Oppose airport ordinance
With growth and construction carnage of the past decade all around us, county government is hard pressed to balance their budget and keep staff wages 25 percent above the private sector, a legacy of a former county manager and successive county commissioners including two current ones led by 12-year veteran and current state Assembly candidate Kelly Kite.
During that past decade, the same management yielded to special interest demands for political bias in what should be business decisions, favoring certain county water funds with water rates just enough to cover operations and debt service, without provision for future maintenance reserves.
When the inevitable need occurred for multi-million dollar overhaul of wells, pipes, filters and the like, they had the gall to try to spread such costs to all county water users, even those whose funds have proper reserves. Fortunately they had no way to attack water users of several improvement districts, towns and private wells. It took 3,000 irate citizens and an upcoming election to temporarily block it.
In retaliation, county management extended the concept of everyone sharing expenses of a few by converting debt of individual water funds to general obligation bonds of all taxpayers in Douglas county to get a lower rate for county water users. Even those on wells will guarantee bond lenders be repaid. Karl Marx would love this county.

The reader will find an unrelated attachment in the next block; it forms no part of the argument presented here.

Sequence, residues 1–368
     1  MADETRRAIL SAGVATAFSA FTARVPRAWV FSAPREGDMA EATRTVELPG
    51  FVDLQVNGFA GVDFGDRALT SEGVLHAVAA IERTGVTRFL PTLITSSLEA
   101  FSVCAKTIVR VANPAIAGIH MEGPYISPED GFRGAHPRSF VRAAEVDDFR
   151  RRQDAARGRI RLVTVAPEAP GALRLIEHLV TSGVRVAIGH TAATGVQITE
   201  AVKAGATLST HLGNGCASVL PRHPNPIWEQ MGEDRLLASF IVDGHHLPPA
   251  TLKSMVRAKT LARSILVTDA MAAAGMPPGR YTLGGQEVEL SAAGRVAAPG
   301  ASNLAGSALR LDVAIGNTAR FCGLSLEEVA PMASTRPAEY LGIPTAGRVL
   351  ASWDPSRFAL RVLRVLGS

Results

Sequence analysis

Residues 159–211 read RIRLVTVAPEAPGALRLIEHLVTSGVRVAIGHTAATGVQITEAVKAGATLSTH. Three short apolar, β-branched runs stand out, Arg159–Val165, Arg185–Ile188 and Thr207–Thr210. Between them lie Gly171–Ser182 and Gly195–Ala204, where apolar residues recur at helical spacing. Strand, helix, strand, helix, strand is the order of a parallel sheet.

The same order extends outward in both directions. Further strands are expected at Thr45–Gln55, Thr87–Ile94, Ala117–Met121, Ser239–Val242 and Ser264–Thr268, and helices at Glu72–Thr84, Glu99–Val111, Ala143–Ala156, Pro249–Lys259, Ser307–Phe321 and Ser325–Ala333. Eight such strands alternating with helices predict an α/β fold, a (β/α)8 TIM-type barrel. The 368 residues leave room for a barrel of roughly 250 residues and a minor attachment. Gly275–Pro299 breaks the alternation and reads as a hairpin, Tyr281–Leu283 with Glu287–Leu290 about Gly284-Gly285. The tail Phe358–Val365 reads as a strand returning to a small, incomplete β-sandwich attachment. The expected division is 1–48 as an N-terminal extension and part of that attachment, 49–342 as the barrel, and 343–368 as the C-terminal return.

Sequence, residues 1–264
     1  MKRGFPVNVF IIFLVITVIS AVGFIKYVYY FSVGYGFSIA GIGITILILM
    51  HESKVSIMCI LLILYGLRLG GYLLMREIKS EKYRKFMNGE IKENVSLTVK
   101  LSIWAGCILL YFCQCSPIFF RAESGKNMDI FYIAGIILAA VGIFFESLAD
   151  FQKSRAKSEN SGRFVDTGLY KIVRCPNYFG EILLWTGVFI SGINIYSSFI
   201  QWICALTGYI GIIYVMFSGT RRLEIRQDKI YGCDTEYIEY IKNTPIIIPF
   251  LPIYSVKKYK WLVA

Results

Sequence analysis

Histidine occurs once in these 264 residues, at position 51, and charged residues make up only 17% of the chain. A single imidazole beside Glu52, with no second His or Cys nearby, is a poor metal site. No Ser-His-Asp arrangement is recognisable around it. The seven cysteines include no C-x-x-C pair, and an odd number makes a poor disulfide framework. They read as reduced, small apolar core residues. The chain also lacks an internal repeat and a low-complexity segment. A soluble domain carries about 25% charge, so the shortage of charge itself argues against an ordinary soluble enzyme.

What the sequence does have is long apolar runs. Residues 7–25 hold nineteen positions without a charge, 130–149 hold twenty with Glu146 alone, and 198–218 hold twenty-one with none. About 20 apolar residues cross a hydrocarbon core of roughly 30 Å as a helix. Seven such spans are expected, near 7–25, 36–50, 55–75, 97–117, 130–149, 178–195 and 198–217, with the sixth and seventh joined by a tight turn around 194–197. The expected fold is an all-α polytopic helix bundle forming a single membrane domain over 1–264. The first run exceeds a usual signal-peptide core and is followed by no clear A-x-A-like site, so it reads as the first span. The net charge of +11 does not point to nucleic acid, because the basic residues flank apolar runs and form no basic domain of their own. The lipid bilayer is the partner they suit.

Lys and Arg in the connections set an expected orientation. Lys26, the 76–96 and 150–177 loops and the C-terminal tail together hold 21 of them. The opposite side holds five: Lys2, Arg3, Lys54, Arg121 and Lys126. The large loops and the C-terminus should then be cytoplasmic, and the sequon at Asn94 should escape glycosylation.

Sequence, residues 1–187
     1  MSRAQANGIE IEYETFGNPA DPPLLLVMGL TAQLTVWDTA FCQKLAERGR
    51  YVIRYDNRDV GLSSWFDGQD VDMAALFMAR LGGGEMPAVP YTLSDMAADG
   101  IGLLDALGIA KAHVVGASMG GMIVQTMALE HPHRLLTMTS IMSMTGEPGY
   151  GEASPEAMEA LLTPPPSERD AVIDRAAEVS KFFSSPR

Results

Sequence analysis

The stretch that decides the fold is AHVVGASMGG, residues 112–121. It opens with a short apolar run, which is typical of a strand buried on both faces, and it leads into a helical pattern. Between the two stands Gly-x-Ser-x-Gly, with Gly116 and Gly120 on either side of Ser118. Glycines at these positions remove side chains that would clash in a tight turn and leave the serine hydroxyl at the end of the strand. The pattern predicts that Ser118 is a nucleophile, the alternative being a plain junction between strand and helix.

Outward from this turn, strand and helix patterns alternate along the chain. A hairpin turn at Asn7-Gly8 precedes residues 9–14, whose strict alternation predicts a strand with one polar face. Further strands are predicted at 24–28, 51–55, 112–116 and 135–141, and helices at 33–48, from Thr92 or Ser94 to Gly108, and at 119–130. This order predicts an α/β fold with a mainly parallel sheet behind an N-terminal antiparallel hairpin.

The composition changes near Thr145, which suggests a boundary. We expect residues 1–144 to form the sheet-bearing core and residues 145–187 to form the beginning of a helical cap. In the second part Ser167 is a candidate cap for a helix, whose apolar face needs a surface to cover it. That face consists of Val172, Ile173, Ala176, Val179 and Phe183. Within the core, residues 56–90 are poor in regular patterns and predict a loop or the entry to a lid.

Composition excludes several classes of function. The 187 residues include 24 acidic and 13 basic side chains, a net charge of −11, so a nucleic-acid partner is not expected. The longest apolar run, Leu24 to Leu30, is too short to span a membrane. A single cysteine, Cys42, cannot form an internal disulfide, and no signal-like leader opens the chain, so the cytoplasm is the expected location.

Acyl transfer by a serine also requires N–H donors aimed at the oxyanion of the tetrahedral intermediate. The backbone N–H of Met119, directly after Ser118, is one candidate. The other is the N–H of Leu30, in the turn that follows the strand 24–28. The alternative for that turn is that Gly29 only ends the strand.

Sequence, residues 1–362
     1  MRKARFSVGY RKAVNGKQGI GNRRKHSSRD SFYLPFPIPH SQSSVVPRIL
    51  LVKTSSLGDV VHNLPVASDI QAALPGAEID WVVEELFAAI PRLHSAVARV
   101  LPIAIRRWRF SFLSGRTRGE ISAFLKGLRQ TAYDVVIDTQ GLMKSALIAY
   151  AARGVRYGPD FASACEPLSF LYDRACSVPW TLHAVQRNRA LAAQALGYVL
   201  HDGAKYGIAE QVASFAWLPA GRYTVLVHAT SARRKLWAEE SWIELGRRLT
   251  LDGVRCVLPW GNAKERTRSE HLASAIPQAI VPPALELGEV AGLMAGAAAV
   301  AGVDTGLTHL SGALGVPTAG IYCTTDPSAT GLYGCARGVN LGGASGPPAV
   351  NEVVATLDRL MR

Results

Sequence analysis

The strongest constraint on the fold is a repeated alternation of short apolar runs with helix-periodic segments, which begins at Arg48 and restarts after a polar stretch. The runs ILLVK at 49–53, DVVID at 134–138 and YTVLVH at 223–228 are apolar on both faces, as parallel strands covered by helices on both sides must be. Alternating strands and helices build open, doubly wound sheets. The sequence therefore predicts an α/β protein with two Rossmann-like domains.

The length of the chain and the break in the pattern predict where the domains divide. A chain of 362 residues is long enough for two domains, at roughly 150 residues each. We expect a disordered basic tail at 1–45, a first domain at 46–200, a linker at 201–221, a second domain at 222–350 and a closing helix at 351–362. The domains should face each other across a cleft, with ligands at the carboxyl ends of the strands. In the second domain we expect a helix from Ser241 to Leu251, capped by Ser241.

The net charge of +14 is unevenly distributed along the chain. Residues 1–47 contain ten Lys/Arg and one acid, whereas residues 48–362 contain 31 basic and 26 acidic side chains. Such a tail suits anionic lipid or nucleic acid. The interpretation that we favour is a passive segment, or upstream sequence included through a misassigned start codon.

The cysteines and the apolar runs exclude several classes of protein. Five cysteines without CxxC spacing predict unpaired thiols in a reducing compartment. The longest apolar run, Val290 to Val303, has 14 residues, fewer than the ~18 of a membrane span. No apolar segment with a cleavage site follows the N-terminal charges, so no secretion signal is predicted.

County management took a similar approach to the airport, letting users get by without landing fees, revenues barely covering operating expense but insufficient for maintenance. In the past decade they took four times the FAA grants as in the prior 30 years to pay for increasing maintenance, expansion and upgrading needed for corporate users and big jets.
A victim is Carson Valley’s reputation as a world-class soaring center, as soaring visitors fell by half according to a soaring enthusiast. Some soaring pilots don’t fancy sharing airspace with increasing jet traffic.
Until summer last year they never told Joe Citizen the FAA requires taxpayers to guarantee FAA-financed facilities for 20 years. Last summer they turned that into threats, saying if taxpayers don’t approve a new ordinance this November, the FAA could demand their money back from taxpayers. They didn’t mention they also could increase airport user fees to make it self-sufficient.
Our county manager was seen on local television saying we really like FAA grants. That’s typical of bureaucrats who see federal grants as free money, as if it didn’t come from other citizens’ pockets, and who want FAA money in spite of the risk to taxpayer pockets. So the budgeted $12 million more in the next five years, as much as spent in the last 10 years. Yet airport facilities serve only a small band of users but with powerful influence. It demonstrates the same contempt for taxpayer pocketbooks as with the water fund issue, making all county taxpayers take the financial risk for a few.
Vote no on the airport ballot question in November. And come to the airport debate on Wednesday.
Jack Van Dien
Committee opposing the Airport Ballot Question